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Leadership Today - Practical Tips For Leaders

Apr 10, 2020


It turns out we prefer to be comfortably uninformed. This week we look at four steps to push ourselves through short-term pain to gather the information we need to take action.



Hello and welcome to episode 73 of the Leadership Today podcast where each week we tackle one of today’s biggest leadership challenges. It turns out we prefer to be comfortably uninformed. This week we look at four steps to push ourselves through short-term pain to gather the information we need to take action.

We are wired to avoid pain whenever possible. By way of example, I’ve mentioned before that I go for a run most mornings. The first ten strides down our driveway are always painful. Not necessarily physically painful, but it doesn’t feel particularly nice to start out. I’m conscious of the cold weather, how comfortable my bed was, some discomfort in my knees, the tightness in my leg muscles. But I know that one minute in to the run I will feel better. And at the end of the run I always feel great. In fact, I always feel better on the days when I go for a run in the morning, than on the days when I choose to sleep in. If I focused on avoiding short term pain, I would never go for a run. The start always feels hard and awkward. The key to getting out of bed and going for a run for me is to remember how much better I feel at the end, and remind myself that the pain and discomfort pass quickly when I continue to take strides forward.

It turns out this same tendency to avoid short term pain occurs in every sphere of our lives, including the extent to which we seek out additional information and stay informed. Research recently published in Management Science shows that when we think additional information may be painful in the short term, we avoid being informed. We do this even if it means we can’t make as good a decision or plan for the long term. So when a doctor asks us to call them back to provide additional information on some tests, our natural tendency will often be to delay that call. When we’re faced with financial challenges, we might avoid doing further research. Or when I’m sent a set of participant evaluations from a leadership program I facilitated, I might leave it to the next day to open it just in case someone had something negative to say.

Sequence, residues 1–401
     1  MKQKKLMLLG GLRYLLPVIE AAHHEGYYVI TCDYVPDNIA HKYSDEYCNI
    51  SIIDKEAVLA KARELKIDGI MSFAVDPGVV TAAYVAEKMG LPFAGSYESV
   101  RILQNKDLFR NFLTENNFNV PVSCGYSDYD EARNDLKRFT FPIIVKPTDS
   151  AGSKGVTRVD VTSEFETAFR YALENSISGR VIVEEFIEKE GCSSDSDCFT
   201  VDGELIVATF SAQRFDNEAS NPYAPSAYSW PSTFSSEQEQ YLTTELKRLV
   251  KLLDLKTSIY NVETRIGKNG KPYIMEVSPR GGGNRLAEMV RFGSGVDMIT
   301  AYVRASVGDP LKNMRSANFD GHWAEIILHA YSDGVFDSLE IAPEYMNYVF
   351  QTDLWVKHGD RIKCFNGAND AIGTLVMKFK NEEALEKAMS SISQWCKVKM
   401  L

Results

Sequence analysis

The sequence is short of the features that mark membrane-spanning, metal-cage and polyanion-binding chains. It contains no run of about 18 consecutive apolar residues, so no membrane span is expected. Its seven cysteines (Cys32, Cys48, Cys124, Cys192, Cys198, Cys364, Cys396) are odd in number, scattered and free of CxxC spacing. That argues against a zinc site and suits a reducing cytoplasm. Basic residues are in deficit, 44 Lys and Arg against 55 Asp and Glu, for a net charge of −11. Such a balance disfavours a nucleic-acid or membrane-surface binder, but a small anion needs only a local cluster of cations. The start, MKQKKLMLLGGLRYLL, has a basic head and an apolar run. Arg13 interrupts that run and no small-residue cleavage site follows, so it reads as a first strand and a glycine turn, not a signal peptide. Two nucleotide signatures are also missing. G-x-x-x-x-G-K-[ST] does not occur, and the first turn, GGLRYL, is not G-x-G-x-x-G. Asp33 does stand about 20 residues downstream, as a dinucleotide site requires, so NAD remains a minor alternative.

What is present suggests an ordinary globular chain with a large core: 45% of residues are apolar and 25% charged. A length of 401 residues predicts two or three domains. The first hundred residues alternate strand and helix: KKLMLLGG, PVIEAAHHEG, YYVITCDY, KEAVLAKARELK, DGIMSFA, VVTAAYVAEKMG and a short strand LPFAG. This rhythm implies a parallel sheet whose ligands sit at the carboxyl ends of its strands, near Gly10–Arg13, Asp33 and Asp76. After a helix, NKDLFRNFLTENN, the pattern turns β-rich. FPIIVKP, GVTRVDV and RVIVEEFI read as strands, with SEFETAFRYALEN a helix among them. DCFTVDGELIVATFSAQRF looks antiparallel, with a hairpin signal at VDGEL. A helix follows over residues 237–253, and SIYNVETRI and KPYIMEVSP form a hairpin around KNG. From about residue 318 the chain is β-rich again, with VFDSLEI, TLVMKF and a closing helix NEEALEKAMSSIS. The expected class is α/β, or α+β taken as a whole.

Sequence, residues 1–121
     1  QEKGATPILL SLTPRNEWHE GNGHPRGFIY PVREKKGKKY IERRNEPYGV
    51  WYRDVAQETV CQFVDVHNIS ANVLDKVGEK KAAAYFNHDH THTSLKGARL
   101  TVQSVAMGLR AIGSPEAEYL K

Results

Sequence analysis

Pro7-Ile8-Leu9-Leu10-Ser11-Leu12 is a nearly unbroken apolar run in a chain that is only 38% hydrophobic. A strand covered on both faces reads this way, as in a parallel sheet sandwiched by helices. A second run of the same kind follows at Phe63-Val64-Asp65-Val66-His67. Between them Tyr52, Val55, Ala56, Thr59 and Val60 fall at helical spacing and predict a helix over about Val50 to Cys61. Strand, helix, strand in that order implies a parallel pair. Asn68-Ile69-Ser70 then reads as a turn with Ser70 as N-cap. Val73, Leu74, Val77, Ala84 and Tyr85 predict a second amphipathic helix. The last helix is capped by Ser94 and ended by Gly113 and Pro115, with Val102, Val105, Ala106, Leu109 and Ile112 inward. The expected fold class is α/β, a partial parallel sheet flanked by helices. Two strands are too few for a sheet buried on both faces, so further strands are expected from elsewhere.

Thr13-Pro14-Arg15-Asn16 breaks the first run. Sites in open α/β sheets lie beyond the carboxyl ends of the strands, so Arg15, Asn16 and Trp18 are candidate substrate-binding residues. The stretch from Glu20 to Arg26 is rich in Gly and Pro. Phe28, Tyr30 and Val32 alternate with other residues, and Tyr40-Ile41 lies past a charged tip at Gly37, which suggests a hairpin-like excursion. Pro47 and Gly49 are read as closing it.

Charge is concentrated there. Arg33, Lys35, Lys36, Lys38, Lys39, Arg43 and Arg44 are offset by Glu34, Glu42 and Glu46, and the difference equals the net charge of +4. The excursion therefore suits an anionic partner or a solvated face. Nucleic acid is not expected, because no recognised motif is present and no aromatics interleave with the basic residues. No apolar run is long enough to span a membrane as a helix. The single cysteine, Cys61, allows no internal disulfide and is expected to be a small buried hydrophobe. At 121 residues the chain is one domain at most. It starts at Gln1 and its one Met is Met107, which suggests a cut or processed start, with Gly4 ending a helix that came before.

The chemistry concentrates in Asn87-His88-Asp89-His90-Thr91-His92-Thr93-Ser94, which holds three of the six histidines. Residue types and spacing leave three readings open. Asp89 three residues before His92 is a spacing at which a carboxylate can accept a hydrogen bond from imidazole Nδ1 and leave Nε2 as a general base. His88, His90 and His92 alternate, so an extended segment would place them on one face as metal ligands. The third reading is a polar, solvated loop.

We routinely trade off the benefit of making better long-term decisions in order to avoid short-term pain. It also turns out that those who are impatient are even more likely to avoid information. The focus becomes entirely short term, often to our own detriment. The end result is that we remain comfortable, but comfortably uninformed.

So how do we avoid becoming comfortably uninformed? Here are four steps you can take:

  1. Recognise the human tendency to avoid short-term pain. Awareness is the starting point.

  2. Know when it’s happening to you in the moment. Once you’re aware of the tendency to avoid short term pain you will start to notice when it happens. See that as a prompt to do more research.

  3. Think of your future self as a real person. This will help you to pass through the short-term pain and pay it forward to your future self.

  4. Broaden your sources of information. Talk it through with others to gather their perspectives and recommendations.

If we take these four steps, we will be in a much better position to make informed decisions and take action.

I hope you, your family and your colleagues are travelling okay through these really challenging times. Stay well, stay informed, and stay optimistic. I look forward to speaking with you again next week.



Emily H. Ho, David Hagmann, George Loewenstein. Measuring Information PreferencesManagement Science, 2020